Tuesday’s school board club was sparsely attended. Not unusual.
What was unusual was witnessing an exceptional presentation by a member of the administration. It was so good that it should be used as a model for everyone else.
Here’s the background…
The district has a “Student and Community Services Department” that provides essential non-academic support to students. This support includes comprehensive mental health services that provide counseling and intervention to troubled kids.
The presentation by the department’s director, Phil D’Agostino, revealed a program for suicide prevention. This is in response to AB 2246, a bill that, “…would require the governing board or body of a local educational agency, as defined, that serves pupils in grades 7 to 12, inclusive, to, before the beginning of the 2017–18 school year, adopt a policy on pupil suicide prevention, as specified, that specifically addresses the needs of high-risk groups.”
D’Agostino’s PowerPoint slides were properly formatted, proofed, visually inviting, and his explanation of the program provided more than enough justification for supporting this endeavor.
D’Agostino used the term “best practices” to describe the program’s development, which means that they are not experimenting – they are using what has worked elsewhere in similar situations and adapting it to the N-MUSD. Wow.
He also clearly articulated the connection between addiction, mental health, and suicide, and provided case studies to help everyone understand the gravity of the situation in our schools. D’Agostino reminded us that in times of crisis, one of the first people troubled kids turn to are teachers.
But there is more, and you need to be sitting down before you read this…. D’Agostino also said that the department would “Hold people accountable to make sure [program strategies] gets done.”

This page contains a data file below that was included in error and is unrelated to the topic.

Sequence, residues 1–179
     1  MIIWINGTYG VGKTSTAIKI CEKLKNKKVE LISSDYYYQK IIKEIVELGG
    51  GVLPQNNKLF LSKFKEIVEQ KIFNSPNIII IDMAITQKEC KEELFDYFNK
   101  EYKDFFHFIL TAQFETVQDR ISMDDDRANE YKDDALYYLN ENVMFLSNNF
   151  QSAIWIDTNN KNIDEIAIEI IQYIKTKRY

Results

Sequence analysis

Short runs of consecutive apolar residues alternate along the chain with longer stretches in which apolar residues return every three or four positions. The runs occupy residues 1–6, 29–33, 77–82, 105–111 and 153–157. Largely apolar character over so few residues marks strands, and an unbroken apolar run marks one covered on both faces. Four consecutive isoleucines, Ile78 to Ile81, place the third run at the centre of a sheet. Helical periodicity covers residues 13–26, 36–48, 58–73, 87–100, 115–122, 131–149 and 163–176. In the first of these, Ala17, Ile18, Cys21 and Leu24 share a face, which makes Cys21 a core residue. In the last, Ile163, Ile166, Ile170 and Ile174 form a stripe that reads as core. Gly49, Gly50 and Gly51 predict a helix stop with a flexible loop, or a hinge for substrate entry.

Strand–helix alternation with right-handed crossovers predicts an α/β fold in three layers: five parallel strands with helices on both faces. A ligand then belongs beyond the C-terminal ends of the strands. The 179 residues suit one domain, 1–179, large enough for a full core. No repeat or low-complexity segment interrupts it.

Yes, you read it correctly. For the first time I can ever recall, a district official actually expressed the concept of accountability.
The N-MUSD’s Student and Community Services Department and its intervention programs are a tremendous asset to everyone in Newport-Beach and Costa Mesa. It is, IMO, the crown jewel of the district.
That’s the good. The bad is that although there were some queries and comments from a few club members, no one thought to ask the most important question. No one thought or bothered to ask, “How will you measure success?”
The ugly happened on a different topic. Money man Jeff Trader explained the 2017-18 budget and did an excellent job. (For now, we are in the black.) It was so good, in fact, that he received more praise, some of it from club president Karen Yelsey.
It was apparent to everyone in the room that we have an extremely capable replacement for former money man Paul Reed, perhaps even more capable because Trader takes a more businesslike approach to his work and does not offer the unprofessional remarks and slides that were a hallmark of Reed’s tenure.
But it was ugly because it was a reminder that this panel authorized a lot of your money to pay Reed not to retire, believing that he was indispensable. When he finally retired, though, finding his replacement was easy.
To what office do we go to get our money back?